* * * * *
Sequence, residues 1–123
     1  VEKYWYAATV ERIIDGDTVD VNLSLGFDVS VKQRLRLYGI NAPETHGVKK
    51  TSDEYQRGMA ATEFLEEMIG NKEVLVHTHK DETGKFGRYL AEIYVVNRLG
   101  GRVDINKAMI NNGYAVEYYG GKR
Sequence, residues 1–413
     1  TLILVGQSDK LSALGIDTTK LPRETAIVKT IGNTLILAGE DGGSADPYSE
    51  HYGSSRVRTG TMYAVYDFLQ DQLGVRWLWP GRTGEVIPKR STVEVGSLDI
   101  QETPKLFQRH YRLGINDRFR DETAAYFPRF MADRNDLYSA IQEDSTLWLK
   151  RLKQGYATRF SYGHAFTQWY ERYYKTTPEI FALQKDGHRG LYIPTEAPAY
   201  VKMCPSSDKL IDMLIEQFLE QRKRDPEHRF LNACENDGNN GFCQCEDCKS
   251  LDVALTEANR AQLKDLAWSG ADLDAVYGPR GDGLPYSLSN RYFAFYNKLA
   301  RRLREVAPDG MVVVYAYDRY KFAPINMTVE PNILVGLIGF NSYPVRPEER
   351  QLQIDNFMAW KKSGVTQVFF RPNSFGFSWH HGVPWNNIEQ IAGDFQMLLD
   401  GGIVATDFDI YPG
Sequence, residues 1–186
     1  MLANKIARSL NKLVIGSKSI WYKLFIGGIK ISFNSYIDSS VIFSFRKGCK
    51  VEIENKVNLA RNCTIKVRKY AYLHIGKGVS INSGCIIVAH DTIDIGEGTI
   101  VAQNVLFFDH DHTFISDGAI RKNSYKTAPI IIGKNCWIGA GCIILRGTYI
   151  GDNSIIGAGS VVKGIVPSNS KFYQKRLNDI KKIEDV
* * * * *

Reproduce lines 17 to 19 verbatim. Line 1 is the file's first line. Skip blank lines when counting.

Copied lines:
    51  VEIENKVNLA RNCTIKVRKY AYLHIGKGVS INSGCIIVAH DTIDIGEGTI
   101  VAQNVLFFDH DHTFISDGAI RKNSYKTAPI IIGKNCWIGA GCIILRGTYI
   151  GDNSIIGAGS VVKGIVPSNS KFYQKRLNDI KKIEDV